I just did an interview with my buddy Michael and one of the things he asked me was, “How has your approach in photography changed the last 2 years?” Fantastic question– this is what I told him:
I used to be interested in capturing candid street photographs– capturing beautiful moments of everyday life. But nowadays, I am less interested in making photos; I am more interested in making connections– especially with strangers and close loved ones.
I just did a workshop in SF this past weekend over the concept of “conquering your fear” in street photography. I feel that fear holds us back from so many things in life– the fear of starting a new company, the fear of approaching a stranger you find interesting, the fear of becoming an artist, or the fear of stepping outside of your comfort zone.
What I feel that we need to do is not to necessarily conquer our fear in street photography and life, but to harness and to channel our fears.
For example, whenever I am out shooting on the streets, nothing really interests me anymore. But when I do see someone or something interesting, I feel nervous. I feel my heart start to beat harder, I feel the sweat pour down my back, and I have an insatiable urge to make a photograph.
In these moments, I know that I have something (possibly) good and interesting I want to photograph.
What I’m focusing on now
Another thing I told my buddy Michael is that currently I am more interested in shooting “street portraits”– photos of strangers with permission.
Not only that, but I am shifting more to black-and-white nowadays– I love the simplicity, minimalism, and sublime-Zen nature of monochrome. While I love color photography, I started to feel that color was a distraction. Black-and-white helped me focus on emotion, soul, gestures, and what I found crucial and critical in an image.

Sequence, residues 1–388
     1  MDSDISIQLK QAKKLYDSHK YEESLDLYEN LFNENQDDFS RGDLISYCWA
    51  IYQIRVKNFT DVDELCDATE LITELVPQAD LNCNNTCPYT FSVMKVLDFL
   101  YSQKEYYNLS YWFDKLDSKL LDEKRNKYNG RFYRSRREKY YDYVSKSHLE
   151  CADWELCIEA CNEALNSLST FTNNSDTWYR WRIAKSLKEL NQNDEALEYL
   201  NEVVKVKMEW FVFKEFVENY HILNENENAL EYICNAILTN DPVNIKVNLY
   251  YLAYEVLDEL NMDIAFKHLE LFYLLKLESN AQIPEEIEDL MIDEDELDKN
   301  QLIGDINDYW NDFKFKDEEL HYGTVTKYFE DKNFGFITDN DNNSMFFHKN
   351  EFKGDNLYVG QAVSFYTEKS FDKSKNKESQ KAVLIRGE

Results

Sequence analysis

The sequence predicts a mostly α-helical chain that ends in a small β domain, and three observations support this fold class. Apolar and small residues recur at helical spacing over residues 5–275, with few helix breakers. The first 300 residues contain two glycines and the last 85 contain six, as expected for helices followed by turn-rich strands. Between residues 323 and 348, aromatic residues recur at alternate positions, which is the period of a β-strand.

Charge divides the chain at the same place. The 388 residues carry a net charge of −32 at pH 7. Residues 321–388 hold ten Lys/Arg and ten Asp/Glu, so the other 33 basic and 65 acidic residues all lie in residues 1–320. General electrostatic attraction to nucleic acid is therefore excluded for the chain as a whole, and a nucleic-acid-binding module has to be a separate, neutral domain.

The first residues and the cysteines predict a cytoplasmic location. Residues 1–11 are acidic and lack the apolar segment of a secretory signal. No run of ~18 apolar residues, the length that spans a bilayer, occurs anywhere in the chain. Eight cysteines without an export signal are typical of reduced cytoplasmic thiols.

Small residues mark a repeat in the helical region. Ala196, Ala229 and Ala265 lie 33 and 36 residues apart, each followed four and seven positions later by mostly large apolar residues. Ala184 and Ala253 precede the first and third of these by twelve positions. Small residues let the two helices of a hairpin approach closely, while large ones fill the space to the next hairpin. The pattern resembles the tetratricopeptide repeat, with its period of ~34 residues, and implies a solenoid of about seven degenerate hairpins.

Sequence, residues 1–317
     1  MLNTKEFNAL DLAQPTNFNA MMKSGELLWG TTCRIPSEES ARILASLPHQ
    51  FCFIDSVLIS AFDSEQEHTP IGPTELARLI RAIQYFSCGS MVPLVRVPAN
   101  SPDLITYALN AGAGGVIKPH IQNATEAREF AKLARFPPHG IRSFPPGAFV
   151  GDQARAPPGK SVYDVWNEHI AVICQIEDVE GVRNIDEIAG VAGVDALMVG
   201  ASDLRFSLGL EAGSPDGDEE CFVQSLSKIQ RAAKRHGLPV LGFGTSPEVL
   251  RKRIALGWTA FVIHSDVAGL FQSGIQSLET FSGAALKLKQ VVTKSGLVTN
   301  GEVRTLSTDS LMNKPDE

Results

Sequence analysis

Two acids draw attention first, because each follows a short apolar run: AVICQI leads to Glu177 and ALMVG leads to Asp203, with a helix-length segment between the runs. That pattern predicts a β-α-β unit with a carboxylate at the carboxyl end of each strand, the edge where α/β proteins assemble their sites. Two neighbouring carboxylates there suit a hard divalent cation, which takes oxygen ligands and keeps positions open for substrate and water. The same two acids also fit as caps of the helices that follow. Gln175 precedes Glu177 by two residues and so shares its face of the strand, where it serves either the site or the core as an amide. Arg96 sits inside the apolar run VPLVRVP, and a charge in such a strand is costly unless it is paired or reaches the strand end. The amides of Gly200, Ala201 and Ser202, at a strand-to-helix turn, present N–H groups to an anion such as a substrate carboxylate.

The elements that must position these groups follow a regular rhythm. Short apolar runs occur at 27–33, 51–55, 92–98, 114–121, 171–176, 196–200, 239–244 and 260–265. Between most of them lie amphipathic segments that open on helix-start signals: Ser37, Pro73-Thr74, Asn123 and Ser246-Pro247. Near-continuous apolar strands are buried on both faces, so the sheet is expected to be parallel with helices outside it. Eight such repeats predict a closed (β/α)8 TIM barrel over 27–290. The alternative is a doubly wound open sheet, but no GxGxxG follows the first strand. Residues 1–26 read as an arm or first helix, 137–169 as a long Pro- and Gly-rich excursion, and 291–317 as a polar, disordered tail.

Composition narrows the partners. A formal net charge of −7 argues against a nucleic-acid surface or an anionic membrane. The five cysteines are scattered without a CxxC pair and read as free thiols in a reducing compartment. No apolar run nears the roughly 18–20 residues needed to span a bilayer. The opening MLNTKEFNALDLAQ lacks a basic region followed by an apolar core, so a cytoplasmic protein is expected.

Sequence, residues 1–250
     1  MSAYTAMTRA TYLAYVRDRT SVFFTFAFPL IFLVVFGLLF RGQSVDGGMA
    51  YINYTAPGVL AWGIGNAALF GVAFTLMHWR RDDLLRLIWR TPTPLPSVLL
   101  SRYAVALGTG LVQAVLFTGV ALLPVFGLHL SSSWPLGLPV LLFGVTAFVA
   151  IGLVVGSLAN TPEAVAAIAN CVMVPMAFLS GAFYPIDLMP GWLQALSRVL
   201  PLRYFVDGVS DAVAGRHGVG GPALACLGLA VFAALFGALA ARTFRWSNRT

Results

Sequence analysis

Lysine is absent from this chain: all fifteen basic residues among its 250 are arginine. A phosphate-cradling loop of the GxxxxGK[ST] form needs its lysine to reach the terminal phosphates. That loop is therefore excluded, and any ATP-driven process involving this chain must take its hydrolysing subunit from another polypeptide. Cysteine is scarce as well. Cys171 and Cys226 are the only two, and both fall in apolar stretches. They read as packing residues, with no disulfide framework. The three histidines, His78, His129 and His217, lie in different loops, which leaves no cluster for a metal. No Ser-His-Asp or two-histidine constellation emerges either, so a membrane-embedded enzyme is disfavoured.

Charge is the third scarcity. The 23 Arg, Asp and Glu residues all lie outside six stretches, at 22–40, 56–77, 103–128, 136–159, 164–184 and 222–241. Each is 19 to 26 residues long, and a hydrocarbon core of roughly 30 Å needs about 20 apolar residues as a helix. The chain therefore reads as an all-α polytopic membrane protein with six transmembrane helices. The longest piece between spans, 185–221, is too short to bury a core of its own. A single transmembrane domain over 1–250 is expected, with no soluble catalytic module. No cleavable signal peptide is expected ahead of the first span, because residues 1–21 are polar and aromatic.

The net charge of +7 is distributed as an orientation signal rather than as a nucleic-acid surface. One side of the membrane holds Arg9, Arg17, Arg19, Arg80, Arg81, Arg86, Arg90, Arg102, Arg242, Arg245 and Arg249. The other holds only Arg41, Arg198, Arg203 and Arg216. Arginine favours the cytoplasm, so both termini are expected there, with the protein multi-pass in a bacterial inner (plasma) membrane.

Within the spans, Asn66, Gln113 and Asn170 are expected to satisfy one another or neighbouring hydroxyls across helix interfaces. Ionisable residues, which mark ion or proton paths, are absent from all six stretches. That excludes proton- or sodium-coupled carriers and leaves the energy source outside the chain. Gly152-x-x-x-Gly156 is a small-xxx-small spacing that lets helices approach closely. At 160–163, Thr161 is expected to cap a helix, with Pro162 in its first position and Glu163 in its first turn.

A beautiful encounter
In the beginning of my workshop, I saw this girl with blue hair and braided pigtails– and she looked fantastic. I encouraged Lin, one of my students to approach her. Afterwards, I wanted to make a photograph too– but I was too nervous to approach her afterwards.
However I knew I would be kicking myself in the face if I didn’t even try as well– so after mustering up my courage, I also approached her. And she was willing.
I set my Ricoh GR II to “P” (program) mode, and asked her to stand in front of the doorway (nice soft light, learned this from Steve McCurry). I put my camera to “macro” mode, so I could focus really close with my 28mm lens. She first looked stiff, and so I asked her to “play with her braids” — which made her hands much more engaging, and helped loosen her up a bit.
I chatted with her a bit afterwards, and found out that she was with her parents (who both just got out of an alcoholics-anonymous meeting) and was spending time with them that day.
When I first approached her, she was stiff and reserved, but the interaction I had with her was able to make her laugh and smile a bit. I didn’t realize this, but one of the students told me that afterwards she said that I made her feel “beautiful” and “like a model.”
Which got me thinking– shouldn’t we make our subjects feel beautiful? Shouldn’t we put them in a positive mood? Shouldn’t our photography empower our subjects, and make them feel good about themselves?
I feel that so much of photography is documenting pain, poverty, and misery in the world. While that type of photography is very important, I feel that there is a huge dearth or absence of “positive photography“– photography that makes people feel good (both the photographer, subject, and viewer).
Life is short. I don’t want to add more misery and depression to the world. I want to make beautiful images that uplift my subjects, uplift my viewers, and uplift myself. I want my photos to be a testament to the beauty in the world– beautiful people, beautiful places, and beautiful moments (especially in ordinary or ‘mundane’ situations).
So friend, I encourage you– don’t be afraid. Have the courage to make the types of images you want. Have the courage to approach strangers you find interesting, and as Sebastiao Salgado says– figure out a way to make them look “heroic and honorable.” Find the beauty in the ordinary or the mundane, and uplift yourself, your subject, and your viewer.
There is so much beauty in the world; why not focus on it?
Tuesday, April 19, 2016 @ 8:33am, finally starting to wake up after restless sleep, but a nice espresso at home.
If you want to learn more about street portraits, download my free book: “The Street Portrait Manual.”